• Both services and clinicians are supported to provide immediately necessary services without any undue restrictions that could adversely impact health outcomes
  • Support rapid escalation mechanisms; particularly for facilities without surgeons or paediatricians on site

4. Establish service networks between tertiary paediatric, other metropolitan and regional/rural hospitals

  • Provide access for non-paediatric specialist surgeons to expert advice, thereby mitigating legal concerns and supporting decision making
  • Establishment of hotlines, telehealth, and widely disseminated information regarding patient retrieval systems, which incorporate rostering of defined hub-spoke relationships of paediatric institutions with other hospitals and consultants
  • Provide updates and/or clinical rotations to surgeons, anaesthetists, and nurses to refresh knowledge and skills in caring for children requiring surgery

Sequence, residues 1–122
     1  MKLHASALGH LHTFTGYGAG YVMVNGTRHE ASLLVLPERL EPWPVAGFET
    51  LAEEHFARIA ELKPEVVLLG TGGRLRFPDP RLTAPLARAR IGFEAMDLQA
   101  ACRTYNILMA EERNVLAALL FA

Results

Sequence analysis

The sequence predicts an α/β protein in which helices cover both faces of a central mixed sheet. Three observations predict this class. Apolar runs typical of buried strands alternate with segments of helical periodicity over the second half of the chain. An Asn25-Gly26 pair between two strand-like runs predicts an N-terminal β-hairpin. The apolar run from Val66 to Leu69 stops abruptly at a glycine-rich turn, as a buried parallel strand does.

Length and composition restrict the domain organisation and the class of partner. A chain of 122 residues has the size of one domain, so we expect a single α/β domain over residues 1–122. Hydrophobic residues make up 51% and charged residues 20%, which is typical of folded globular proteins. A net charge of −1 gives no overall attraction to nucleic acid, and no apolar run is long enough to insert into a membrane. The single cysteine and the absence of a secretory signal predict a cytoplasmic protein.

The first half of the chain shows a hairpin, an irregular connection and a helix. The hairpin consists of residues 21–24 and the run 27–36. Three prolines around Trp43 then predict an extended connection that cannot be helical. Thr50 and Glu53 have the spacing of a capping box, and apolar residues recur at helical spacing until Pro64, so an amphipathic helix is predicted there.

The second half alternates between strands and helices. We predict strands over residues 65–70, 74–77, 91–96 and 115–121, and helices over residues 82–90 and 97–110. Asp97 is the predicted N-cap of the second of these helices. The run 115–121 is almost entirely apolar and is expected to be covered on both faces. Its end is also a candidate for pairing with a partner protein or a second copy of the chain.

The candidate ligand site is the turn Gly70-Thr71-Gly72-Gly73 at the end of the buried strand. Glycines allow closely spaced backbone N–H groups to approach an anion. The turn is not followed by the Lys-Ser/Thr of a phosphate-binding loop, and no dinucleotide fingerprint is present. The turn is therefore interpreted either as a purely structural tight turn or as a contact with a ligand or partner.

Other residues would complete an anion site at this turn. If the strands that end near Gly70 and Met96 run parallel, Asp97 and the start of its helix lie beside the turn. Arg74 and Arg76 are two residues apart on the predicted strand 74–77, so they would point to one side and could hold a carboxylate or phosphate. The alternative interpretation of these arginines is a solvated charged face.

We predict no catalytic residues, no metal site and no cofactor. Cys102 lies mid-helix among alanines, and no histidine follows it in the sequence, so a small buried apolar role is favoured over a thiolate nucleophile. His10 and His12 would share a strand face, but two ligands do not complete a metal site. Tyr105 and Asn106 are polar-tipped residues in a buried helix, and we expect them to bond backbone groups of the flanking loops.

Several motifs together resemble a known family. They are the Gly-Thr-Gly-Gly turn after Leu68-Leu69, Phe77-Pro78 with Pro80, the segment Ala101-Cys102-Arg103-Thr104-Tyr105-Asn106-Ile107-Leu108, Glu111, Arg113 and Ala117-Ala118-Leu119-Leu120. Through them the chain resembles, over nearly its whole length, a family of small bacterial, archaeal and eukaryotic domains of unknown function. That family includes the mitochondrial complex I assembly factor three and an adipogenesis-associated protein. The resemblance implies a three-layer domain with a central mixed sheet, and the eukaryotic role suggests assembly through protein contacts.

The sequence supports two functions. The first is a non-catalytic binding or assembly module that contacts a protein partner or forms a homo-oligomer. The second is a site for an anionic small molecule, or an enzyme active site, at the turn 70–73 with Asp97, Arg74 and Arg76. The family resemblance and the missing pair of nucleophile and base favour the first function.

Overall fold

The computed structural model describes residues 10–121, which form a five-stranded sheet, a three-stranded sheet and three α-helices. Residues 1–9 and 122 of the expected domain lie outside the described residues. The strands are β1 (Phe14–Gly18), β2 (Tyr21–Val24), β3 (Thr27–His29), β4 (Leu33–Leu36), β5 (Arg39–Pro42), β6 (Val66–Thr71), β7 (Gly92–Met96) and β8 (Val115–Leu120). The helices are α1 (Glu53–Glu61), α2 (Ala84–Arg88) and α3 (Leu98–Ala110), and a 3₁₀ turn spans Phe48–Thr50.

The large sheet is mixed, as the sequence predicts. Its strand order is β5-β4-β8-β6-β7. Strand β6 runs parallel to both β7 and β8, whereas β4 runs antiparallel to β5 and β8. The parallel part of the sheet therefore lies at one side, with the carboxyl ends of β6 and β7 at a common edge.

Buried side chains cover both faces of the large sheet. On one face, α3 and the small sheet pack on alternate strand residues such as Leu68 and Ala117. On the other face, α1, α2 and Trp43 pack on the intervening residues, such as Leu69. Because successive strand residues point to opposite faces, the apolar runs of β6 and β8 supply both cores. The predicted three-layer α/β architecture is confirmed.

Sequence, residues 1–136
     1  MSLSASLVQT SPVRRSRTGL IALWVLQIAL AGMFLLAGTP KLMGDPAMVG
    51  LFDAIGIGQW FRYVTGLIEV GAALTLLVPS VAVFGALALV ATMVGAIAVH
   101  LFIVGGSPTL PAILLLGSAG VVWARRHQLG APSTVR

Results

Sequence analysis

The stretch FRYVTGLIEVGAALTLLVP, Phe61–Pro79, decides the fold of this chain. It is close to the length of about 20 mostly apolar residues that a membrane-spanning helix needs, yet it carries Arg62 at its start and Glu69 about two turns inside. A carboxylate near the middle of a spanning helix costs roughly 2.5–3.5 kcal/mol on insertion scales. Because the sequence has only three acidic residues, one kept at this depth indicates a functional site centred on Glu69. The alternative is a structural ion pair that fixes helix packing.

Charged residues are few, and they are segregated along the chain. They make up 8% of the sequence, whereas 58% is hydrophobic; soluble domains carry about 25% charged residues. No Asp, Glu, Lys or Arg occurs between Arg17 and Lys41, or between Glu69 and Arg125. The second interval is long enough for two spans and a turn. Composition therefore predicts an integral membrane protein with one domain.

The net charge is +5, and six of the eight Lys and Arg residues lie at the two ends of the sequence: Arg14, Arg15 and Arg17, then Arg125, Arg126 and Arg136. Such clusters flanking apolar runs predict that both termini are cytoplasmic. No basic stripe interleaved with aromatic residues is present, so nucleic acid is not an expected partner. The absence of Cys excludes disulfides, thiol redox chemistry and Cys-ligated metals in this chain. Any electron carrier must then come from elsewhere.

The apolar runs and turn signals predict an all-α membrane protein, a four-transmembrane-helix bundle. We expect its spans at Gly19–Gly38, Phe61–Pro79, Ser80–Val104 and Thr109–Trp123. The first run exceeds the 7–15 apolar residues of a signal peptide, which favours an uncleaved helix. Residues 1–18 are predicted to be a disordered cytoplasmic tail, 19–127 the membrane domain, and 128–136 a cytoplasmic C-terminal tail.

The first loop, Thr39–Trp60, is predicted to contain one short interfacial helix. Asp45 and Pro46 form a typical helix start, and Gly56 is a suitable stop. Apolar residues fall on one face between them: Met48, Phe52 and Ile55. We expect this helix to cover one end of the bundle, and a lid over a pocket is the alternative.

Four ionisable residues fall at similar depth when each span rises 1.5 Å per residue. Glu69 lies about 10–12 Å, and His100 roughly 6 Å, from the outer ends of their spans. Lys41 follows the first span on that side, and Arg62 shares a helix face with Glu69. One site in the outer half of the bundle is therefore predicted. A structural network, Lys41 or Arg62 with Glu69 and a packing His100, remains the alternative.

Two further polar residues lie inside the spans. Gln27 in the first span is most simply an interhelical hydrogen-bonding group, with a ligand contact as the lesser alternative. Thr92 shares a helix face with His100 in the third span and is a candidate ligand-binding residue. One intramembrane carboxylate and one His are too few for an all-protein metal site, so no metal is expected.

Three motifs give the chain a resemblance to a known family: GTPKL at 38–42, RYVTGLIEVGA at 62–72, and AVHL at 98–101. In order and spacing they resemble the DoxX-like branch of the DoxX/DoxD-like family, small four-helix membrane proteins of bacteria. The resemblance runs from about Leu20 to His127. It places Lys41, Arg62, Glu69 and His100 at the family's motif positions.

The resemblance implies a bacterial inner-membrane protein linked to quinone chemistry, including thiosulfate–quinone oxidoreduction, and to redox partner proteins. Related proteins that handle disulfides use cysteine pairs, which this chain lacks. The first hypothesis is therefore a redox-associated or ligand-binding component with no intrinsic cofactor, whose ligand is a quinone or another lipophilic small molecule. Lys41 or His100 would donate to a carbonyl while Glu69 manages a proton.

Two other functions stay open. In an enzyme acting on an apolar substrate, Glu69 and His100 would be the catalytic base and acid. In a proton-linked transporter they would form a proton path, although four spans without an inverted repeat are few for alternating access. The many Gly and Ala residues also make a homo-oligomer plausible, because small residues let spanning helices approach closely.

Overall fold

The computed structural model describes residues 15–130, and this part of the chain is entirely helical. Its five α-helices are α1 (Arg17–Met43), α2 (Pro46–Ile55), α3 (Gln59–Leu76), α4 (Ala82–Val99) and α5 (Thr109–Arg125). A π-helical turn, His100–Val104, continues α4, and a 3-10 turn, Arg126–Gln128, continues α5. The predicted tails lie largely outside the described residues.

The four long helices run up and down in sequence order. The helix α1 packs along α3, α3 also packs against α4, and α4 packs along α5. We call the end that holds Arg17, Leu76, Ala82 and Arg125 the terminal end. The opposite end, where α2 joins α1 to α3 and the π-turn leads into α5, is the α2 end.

• Inform General Practitioners, ambulance services and the local community about local service capabilities with the aim of reducing unnecessary transfers and improving timeliness of treatment

5. Ensure communication between health care providers is accurate, at the correct level, and puts the safety of the child paramount

  • Promote “consultant to consultant” level conversations in transfer and communication
  • Tertiary specialists and institutions support the emergency decisions of local practitioners, which must be pragmatic in view of regional resources, investigations, and distances